Ustka is a spa town in the Pomeranian Voivodeship and is a popular tourist destination and fishing port. It’s one of the Baltic’s most refined towns and has won a string of local awards for the best summer resort in the country.
Ustka has two beaches separated by the River Słupia, a wonderful seaside promenade and a well-maintained centre and is very popular with German tourists who have been coming to the town in droves since the 19th century.
The Eastern beach is the most popular because it is linked to the town and is home to numerous bars, restaurants, the promenade and a concert hall. The western beach is located next to the Navy Training Centre and has restricted access but is flatter than the eastern beach, which has high sand cliffs. A swing pedestrian bridge, which is open for 15 minutes every hour, joins the two beaches together.
The old part of the town has retained its layout since the Middle Ages and many buildings have been restored with assistance from the European Union.
There’s a few monuments to see in the town including the lighthouse, which was built in 1871, the main post office built in 1875 and the church, which was built in 1882.
The spa resort in Ustka specialises in the treatment of musculoskeletal, cardiovascular and respiratory diseases or endocrine and metabolism disorders. Outpatient treatment is also available for holidaymakers which are looking for an opportunity to improve their fitness.
Ustka takes great pride in its long railway history, with the first passenger train to leave the town departing on 1st October 1878. The construction of the railway helped the town to start capitalising on tourism.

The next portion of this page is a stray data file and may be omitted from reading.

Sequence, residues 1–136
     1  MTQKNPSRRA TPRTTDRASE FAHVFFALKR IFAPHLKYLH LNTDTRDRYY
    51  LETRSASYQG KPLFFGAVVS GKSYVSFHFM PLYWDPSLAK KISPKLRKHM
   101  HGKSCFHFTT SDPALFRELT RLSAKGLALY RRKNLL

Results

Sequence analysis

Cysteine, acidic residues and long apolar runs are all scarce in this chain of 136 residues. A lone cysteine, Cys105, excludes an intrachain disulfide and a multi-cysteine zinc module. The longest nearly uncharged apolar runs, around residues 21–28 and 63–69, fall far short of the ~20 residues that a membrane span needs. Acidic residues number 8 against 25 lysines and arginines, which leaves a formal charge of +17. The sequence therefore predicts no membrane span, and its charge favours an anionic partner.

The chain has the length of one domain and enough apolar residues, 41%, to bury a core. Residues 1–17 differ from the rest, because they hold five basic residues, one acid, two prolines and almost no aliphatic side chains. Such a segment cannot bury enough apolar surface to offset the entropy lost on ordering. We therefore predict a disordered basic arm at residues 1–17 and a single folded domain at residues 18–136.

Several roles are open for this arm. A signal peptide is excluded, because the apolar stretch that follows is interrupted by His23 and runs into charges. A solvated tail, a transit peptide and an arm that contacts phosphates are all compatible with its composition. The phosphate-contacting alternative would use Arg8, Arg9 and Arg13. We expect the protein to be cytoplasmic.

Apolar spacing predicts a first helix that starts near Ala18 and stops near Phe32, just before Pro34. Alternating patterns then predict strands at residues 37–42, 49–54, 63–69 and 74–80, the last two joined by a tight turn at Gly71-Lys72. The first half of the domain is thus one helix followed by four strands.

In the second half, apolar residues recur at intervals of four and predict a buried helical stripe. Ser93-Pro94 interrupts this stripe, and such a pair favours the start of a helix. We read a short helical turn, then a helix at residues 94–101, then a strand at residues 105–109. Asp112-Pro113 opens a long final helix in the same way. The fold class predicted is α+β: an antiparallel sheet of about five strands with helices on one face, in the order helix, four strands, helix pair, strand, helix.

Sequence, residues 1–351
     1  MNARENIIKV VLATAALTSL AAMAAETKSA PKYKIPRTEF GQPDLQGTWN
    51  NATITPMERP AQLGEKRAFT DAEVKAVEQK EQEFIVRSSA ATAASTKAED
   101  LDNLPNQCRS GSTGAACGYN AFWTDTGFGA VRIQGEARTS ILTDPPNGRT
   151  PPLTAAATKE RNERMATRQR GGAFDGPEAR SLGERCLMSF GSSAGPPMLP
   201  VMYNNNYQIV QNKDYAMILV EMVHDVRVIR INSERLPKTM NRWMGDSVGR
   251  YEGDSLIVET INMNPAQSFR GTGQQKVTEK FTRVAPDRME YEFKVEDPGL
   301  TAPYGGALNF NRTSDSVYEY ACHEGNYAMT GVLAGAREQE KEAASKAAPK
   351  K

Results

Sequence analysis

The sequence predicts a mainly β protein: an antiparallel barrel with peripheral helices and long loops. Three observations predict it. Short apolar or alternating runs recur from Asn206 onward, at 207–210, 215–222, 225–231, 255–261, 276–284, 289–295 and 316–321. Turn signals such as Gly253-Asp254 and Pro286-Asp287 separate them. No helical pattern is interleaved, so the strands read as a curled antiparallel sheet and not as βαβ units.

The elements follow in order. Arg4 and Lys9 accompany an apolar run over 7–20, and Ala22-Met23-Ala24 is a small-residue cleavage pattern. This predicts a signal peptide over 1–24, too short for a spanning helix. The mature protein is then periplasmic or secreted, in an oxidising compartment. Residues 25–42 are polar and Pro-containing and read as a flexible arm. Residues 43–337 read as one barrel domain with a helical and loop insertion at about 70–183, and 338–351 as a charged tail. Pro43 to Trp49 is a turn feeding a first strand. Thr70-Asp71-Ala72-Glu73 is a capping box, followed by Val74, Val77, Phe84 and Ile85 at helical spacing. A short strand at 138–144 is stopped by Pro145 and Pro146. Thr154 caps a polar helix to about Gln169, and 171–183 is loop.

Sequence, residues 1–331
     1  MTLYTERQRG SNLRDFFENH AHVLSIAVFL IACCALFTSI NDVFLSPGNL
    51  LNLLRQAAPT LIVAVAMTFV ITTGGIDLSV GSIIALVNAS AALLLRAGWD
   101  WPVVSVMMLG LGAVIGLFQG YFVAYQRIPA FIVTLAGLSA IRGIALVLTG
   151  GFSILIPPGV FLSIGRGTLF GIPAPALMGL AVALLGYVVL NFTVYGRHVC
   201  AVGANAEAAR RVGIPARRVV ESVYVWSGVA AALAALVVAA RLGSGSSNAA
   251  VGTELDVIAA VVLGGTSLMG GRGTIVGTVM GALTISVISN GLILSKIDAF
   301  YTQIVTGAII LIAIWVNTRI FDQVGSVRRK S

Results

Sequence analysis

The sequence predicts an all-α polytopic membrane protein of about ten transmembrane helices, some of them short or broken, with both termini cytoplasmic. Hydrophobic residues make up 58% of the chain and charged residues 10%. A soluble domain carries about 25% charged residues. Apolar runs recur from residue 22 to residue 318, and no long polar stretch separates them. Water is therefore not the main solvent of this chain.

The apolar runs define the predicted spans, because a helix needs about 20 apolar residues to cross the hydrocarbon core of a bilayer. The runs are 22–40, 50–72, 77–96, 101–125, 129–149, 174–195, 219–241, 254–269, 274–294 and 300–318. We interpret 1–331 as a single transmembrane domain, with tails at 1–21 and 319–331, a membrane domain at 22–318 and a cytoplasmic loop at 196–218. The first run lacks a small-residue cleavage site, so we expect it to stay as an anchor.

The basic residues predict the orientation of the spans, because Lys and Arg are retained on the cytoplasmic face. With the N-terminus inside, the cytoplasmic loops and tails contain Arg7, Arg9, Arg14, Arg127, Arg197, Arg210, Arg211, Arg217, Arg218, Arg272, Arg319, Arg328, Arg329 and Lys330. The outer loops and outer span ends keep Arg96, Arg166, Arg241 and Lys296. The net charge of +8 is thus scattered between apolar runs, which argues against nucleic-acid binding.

The Slowinski National Park is just 37km from the town and is a very popular attraction for nature lovers and hikers. The area is famous for its moving sand dunes, a curiosity which occurs as waves and wind carry the sand inland at a speed of 3 to 10 metres each year. Some dunes can reach heights of up to 30 metres.
Pomerania is Poland’s most northern province. It covers an area of over 18,300 square kilometres and has the Baltic Sea on its northern border and Russia (via the Vistula Spit) to the north-east.
The region has 316 km of coastline with sandy beaches and a staggering 2,901 lakes. If you wanted to swim in a different lake every day, it would take you almost eight years.
The epicentre and capital of Pomerania is Gdańsk, northern Poland’s metropolis, which together with Gdynia and Sopot forms a conurbation called Tricity – one of the main cultural, commercial and educational centres of Poland inhabited by over 1.2 million people.